The Bangles were formed in LA, rather than Leeds and probably didn’t have Elland Road in mind when they wrote one of their biggest hits.
But Manic Monday sums up events just along the M1 pretty well earlier this week; Uwe Rosler removed, Steve Evans the successor, Massimo Cellino censured and then banned by the Football League. Again.
Seismic shifts in the landscape are fast becoming the norm in this part of the world, yet this one seemed more catastrophic than most.
Rosler, after all, lasted just seven months and 12 games, at a club seemingly keen to hold its own ‘Manager of the Month’ contest. Former Millers boss Evans, who has signed a rolling contract until June with the option - don’t laugh - of a further year, would probably count himself lucky to have as long.
His first press conference as Leeds boss was typically bullish; ‘I pick the team, and I have the final say on players’ seemed to be the theme, although the fact he was flanked by Leeds head of recruitment Martyn Glover was perhaps telling.
So, almost a year to the day since he intimated he could never work for Cellino, here Evans was, doing exactly that.
Admittedly, not for long; just hours after his official appointment, Cellino was suspended - for the second time - by the Football League. He plans to appeal his sentence; ensuring one of English football’s longest-running, and most tragic soap operas will have a good few twists and turns yet.
Would Leeds fans miss him? Cellino proved a popular figure when he bought the club from previous owners GFH - although since Leeds would have probably gone bankrupt without his intervention, it’s sometimes difficult to differentiate between genuine love and relief. At least Cellino, in the eyes of some supporters, was the devil they knew.
In the days, weeks and months since, the stories of Cellino could fill these pages themselves; axing former Blades goalkeeper Paddy Kenny because his birthday was considered to be unlucky, and venting his spleen at an unknwown supporter who’d called him and uploaded the conversation on the internet - ‘The team is sh*t’ a particular highlight.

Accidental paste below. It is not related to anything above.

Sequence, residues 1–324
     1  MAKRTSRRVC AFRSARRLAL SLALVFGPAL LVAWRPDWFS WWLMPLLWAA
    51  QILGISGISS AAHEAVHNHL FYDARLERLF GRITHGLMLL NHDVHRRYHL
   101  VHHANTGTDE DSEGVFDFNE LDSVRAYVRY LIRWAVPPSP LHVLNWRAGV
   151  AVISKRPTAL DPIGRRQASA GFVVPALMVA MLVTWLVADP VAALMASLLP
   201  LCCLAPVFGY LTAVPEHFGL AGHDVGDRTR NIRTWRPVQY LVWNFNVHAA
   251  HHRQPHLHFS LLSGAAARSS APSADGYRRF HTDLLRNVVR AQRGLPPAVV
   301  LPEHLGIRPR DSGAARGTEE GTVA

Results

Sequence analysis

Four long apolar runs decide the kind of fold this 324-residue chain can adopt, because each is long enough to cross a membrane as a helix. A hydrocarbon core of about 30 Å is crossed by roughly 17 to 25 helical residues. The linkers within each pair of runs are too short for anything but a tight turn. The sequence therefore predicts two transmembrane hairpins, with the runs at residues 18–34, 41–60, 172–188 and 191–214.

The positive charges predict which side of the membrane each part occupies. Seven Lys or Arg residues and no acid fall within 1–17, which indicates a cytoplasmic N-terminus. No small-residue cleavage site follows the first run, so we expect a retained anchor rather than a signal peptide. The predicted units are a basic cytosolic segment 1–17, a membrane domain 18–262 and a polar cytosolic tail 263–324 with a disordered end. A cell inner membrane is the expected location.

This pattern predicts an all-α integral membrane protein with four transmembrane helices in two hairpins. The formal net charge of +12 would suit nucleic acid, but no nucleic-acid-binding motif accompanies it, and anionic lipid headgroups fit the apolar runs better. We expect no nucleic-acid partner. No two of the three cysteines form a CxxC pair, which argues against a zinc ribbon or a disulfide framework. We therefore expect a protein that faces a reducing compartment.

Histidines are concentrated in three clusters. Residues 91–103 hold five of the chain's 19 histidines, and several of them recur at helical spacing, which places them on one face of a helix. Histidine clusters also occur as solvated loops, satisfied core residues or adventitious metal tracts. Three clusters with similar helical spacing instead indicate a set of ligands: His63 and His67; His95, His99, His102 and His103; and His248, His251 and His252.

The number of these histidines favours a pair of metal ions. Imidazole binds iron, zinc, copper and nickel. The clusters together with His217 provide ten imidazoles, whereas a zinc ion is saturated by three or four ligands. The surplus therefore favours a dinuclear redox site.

Cellino, in his time at Cagliari, moved their home games 500 miles away to Trieste, on the border of Slovenia. He’d also sacked 35 managers in 21 years in Italy, and has somehow become more trigger-happy at Leeds; going through five in 18 months.
He hired David Hockaday, who had left Forest Green Rovers after seven defeats in eight games, and sacked him after 70 days, and six games. Hockaday resurfaced at Swindon Supermarine and is now in charge of Kidderminster.
Cellino decided he wanted a Continental boss next, so went for Darko Milanič. Asked at the press conference why he’d hired the Slovenian, who’d bought himself out of his contract at Sturm Graz, Cellino said he didn’t know.
“He’s good looking, what do you want me to say?” Cellino said.
“Coaches are like watermelons. You find out about them when you open them.”
Cellino hired David Hockaday, who left Forest Green Rovers after seven defeats in eight games, and sacked him after six games. Darko Milanič succeeded him; Cellino admitted he doesn’t know why he hired the Slovenian
Cellino didn’t reckon much to Milanič’s insides, and sacked him after six games, too. What did he make of Evans, then? “I used to hate him,” was the promising, understated reply.
Evans, so used to relative autonomy under the ever-pleasant Tony Stewart at the New York Stadium, is jumping right into the fire with Cellino - or whoever is appointed in his place.
Two promotions and a Championship survival campaign with Rotherham shines on any CV, but Evans’ demeanour wins him few friends in the game. He tried to instil a them-against-us mentality at the Millers, a club admired by many and disliked by few. In some ways, he’s a perfect fit for a club crying out for an identity again.
As much as folk in this region will hate to admit it, Leeds is a big deal in this country; a one-club city bigger than Sheffield, with a catchment area of roughly three million people. Quite why they have to rely on the millions of a madcap Italian with convictions for dishonesty and tax evasion is a mystery in itself, but no doubt Evans will embrace the challenge.
He’ll be out before long, bemoaning officials and insisting the Football League, Fifa and the United Nations, probably, are all against Leeds United. Whether he believes it himself is doubtful, but Evans did things his way. Ask players like Daniel Nardiello and Joe Skarz, fans’ favourites shown the exit door at Rotherham. Once you’ve served your purpose, that’s the end. Sound familiar? Again, maybe Evans and Cellino are a better fit than we ever thought?
After being approached to take the Leeds job, Evans admits he endured a sleepless night. It’s unlikely to be his last in the weeks and months ahead.
There will be tension; Evans, who signed an average of a player every two games at Rotherham, no longer has carte blanche on incomings. From the outside, he seems to have gone from the star of the show to just a cog in the wheel; will he cope with that? No-one knows the answer. But, as always at Leeds United, it should make fascinating viewing.